The European Union moved closer on Thursday towards the mandatory introduction of a common mobile phone charger, after MEPs approved draft legislation that would include compatibility with “universal chargers” as an “essential requirement” for selling electronic goods on the EU market.
The draft directive, which has already been agreed in principle with national governments, contains harmonised rules on the sale of radio equipment. These include mobile phones, car-door openers and modems.
British Labour MEP Catherine Stihler said the new directive will mean the “legacy of Barbara and Malcolm will live on”. This refers to the German negotiator on the proposal, Barbara Weiler, and the Conservative chair of the Internal Market Committee, Malcolm Harbour, both of whom are stepping down at the forthcoming elections.
The main focus of the new legislation is an amendment that calls on mobile phone manufacturers to provide a common battery charger, to cut costs for consumers.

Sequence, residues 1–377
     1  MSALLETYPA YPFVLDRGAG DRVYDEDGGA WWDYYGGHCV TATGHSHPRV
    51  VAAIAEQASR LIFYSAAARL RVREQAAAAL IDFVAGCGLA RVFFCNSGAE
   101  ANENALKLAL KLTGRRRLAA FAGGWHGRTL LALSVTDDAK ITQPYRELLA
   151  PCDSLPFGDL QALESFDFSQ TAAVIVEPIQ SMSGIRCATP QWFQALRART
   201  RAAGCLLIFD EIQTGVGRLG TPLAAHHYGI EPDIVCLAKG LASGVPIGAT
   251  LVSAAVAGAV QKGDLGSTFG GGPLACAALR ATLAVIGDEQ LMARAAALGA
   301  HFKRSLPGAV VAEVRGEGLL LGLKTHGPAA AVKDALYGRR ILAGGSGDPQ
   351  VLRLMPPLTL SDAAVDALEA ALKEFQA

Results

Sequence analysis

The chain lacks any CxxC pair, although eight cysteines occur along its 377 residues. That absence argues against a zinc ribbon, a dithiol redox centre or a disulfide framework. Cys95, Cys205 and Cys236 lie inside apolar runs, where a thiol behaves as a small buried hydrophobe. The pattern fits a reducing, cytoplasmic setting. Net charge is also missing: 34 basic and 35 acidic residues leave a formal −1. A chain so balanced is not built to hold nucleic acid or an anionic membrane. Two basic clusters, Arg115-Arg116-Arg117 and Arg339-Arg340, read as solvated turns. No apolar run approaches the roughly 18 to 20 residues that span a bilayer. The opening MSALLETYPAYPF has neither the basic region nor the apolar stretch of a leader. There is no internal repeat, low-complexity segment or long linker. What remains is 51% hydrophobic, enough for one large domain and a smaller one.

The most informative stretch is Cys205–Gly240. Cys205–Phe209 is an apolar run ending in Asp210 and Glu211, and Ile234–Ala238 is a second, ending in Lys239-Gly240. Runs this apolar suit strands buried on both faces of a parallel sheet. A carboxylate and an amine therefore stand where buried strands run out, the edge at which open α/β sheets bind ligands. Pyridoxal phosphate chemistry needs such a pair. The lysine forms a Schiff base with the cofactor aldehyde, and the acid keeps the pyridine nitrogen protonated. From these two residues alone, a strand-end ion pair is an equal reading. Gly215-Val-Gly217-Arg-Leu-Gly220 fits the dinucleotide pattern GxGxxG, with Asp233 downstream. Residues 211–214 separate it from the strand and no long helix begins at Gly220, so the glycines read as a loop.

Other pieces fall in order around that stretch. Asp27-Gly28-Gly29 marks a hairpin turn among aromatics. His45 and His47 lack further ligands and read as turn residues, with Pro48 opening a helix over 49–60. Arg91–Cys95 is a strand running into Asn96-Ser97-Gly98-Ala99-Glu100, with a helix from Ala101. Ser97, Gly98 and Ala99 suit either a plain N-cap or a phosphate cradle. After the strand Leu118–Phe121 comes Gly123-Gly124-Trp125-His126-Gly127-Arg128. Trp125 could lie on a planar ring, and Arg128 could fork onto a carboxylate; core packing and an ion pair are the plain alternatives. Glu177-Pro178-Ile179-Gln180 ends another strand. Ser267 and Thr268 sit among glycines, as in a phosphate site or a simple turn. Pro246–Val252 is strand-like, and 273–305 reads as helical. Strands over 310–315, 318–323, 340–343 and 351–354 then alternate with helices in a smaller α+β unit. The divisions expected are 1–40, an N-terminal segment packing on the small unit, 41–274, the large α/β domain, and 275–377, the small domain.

Belgian Socialist MEP Marc Tarabella welcomed the bill’s approval, saying it would mark the “end of drawers filled with 1,001 cables and different chargers”.
If adopted, the legislation would supercede a voluntary system of standardisation created in 2010, following an agreement among phone producers including Nokia, Sony Ericsson and Samsung.
European mobile phone manufacturers welcomed parliament’s vote, saying that the earlier agreement, which expired in 2012, had already laid the groundwork for industry-wide standardisation.
“Samsung sees the benefits and momentum in working alongside other manufacturers and standardisation organisations to find universal solutions to meet consumer demands,” said Nicholas Breakspeare, a spokesman for Samsung, quoted by NDTV.